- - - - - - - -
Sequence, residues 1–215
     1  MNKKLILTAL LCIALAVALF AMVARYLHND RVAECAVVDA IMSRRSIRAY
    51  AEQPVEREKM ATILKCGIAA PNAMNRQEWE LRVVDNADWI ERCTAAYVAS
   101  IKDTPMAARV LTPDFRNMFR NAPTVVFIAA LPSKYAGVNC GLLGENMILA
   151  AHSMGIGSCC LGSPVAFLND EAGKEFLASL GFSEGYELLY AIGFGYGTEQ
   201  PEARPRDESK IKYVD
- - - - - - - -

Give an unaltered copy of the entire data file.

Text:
Sequence, residues 1–215
     1  MNKKLILTAL LCIALAVALF AMVARYLHND RVAECAVVDA IMSRRSIRAY
    51  AEQPVEREKM ATILKCGIAA PNAMNRQEWE LRVVDNADWI ERCTAAYVAS
   101  IKDTPMAARV LTPDFRNMFR NAPTVVFIAA LPSKYAGVNC GLLGENMILA
   151  AHSMGIGSCC LGSPVAFLND EAGKEFLASL GFSEGYELLY AIGFGYGTEQ
   201  PEARPRDESK IKYVD